PARSHA-PIX - Tazria-M'tzora
Top row, left to right: baby boy in carriage, 7+33 days for the mother. Knife for Brit Mila. Then the baby carriage with the girl, marked 14+60 days.
Then come the dove and lamb, which are two parts of the Korban Yoledet, the offerings of the woman who has given birth.
On the next row is a hand afflicted by a NEGA and a shirt, representing those garments and materials that are able to be afflicted with NIG'EI HABEGED. They are followed by a CHAMELION, noted for changing colors - a significant factor in the determination of NEGA'IM.
Next row has a razor, used by a M'TZORA on the day of his purification. The pair of eyes is missing one of its eyebrows, mentioned in the parsha. The two birds, the hyssop and the cedar tree are all part of the purification process of the M'TZORA.
Lower-left is a house afflicted by a NEGA. Lower right are the three parts of the body dabbed with the blood of the korban. As far as the earlobe is concerned, T'NUCH might mean the top or middle of the outer ear. Depends on whom you ask.
The 2+1 lambs are part of the korbanot of NEGA'IM
The Hebrew words are this week's PPP.
TTRIDDLES... are Torah Tidbits-style riddles on Parshat HaShavua (sometimes on the calendar). They are found in the hard-copy of TT scattered throughout, usually at the bottom of different columns. In the electronic versions of TT, they are found all together at the end of the ParshaPix-TTriddles section. Some TTriddles are also presentedfor call-in solution on Torah Tidbits Audio (Arutz-7, Thursday night). The best solution set submitted each week (there isnt always a best) wins a double prize a CD from Noam Productions and/or a gift (game, puzzle, book, etc.) from Big Deal
Last week's (SH’MINI) TTriddles:
 Scolapacidae are and have them
 Parshat HaShavua for $200: Piano & Helsinki
Plus the two items from the ParshaPix.
And the envelope please...
 Here’s how this TTriddle came about. The answer is contained within the description of the generation of the question. Fins in Hebrew are S’NAPIR. Hebrew-English association: SNAPPER, a kind of fish, kosher, with (scales and) fins. How to turn SNAPIR-SNAPPER into a TTriddle? A little web- encyclopedia research. Snappers are classified in the phylum Chordata, subphylum Vertebrata, class Osteichthyes, order Charadriiformes, family Scolapacidae. (Columbia Encyclopedia, 6th Ed. 2001) Hence, the answer to the TTriddle: Scolapacidae are SNAPPER and have SNAPIR.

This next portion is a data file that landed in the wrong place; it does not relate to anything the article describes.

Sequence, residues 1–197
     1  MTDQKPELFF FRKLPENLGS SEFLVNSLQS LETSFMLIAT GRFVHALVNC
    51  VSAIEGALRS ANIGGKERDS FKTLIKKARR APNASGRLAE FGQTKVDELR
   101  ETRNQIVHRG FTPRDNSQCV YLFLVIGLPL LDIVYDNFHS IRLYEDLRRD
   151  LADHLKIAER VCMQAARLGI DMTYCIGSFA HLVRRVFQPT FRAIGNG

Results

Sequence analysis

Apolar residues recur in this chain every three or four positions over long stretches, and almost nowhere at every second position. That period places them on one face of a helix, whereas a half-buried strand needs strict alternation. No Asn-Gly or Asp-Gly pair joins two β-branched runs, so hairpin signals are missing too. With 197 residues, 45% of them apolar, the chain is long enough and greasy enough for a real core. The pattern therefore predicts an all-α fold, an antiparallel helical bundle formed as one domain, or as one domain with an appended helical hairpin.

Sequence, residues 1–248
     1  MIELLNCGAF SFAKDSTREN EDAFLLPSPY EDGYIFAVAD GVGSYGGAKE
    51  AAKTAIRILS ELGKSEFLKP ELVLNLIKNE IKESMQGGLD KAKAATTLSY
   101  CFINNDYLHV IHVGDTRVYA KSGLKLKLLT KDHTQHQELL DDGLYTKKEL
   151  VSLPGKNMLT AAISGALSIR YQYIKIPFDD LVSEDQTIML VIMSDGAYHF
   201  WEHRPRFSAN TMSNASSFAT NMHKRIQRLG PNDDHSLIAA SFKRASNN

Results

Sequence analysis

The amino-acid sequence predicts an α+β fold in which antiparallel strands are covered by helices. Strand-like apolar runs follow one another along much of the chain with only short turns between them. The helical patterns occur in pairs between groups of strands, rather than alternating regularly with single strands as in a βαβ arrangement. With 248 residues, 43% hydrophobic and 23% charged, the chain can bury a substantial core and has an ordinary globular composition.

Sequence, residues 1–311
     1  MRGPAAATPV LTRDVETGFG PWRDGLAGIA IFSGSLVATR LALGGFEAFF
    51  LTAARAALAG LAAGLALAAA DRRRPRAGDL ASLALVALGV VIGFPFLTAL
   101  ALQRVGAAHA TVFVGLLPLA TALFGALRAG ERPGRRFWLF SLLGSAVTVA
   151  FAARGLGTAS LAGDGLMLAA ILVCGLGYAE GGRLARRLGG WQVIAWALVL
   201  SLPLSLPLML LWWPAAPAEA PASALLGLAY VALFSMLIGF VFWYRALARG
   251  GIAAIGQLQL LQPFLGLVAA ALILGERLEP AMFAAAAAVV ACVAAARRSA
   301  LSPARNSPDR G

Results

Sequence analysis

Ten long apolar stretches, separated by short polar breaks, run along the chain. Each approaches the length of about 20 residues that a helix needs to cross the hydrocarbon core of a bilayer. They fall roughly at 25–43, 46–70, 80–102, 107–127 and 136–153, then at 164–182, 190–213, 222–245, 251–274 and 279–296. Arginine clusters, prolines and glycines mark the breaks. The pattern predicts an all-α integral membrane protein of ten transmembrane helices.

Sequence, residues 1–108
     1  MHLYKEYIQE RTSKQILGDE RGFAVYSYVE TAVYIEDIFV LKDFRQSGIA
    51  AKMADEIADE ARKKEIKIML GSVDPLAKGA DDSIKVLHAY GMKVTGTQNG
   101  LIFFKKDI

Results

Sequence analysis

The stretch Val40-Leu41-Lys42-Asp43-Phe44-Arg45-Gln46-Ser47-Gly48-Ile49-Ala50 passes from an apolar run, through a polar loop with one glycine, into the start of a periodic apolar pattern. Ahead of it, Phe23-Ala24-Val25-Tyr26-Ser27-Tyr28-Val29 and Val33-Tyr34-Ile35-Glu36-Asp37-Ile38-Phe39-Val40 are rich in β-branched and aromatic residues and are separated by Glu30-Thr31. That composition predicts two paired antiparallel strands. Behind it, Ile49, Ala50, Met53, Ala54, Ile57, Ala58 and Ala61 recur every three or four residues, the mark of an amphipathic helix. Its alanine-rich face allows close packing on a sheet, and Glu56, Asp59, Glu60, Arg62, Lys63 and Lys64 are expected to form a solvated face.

This TTridddle is structured like a Jeopardy “answer”. The solution, then, must be in the form of a question: What has scales and fins? Ding. Shabbat for $300, Art. Ding, ding, ding. The daily double! (Sorry, I got carried away. Art Fleming was the host from ‘64 to ‘75. The show was revived in ‘84, with Alex Trebek as host. It’s still going strong.)
And the two elements in the ParshaPix that were unexplained (in the electronic versions of TT - none of last week’s PP was explained in the printed version, due to lack of space).
 The chassidishe type fellow with the crown, dancing, represents David HaMelech, who dances before the ARON, as reported in the Haftara. His wife, Michal, daughter of Shaul haMelech, criticized him. She felt it was undignified for a king to behave so. The NAVI implies that she was punished for speaking to David HaMelech like that, by not having any more children.
Which leads us to the next PPP.
 T’filin from the upper-left of the Parsha-Pix represent Michal, daughter of Shaul, wife of David HaMelech. The Gemara tells us that she wore T’filin. Very unusual. A remarkable observation was made many years ago by Rav Noam Gordon. He speculated that there might be a connection between Michal’s wearing of T’filin and the Kabalistic “explanation” of the form of T’filin. Something about the BAYIT representing the womb and the strap being like the umbilical cord. The context of this explanation was an article explaining why girls/women don’t wear T’filin. Or don’t need T’filin. But, perhaps, Michal, deprived of the ability to have children, compensated in some subconscious way, by wearing T’filin. Interesting idea. It needs work. But there it is.
This week's TTriddles:
 Sounds like "drinking in the evening"
 2nd largest bird on the 23rd largest island
 Call it this will be
 Sort of a sound-similar connection between the parsha and the date
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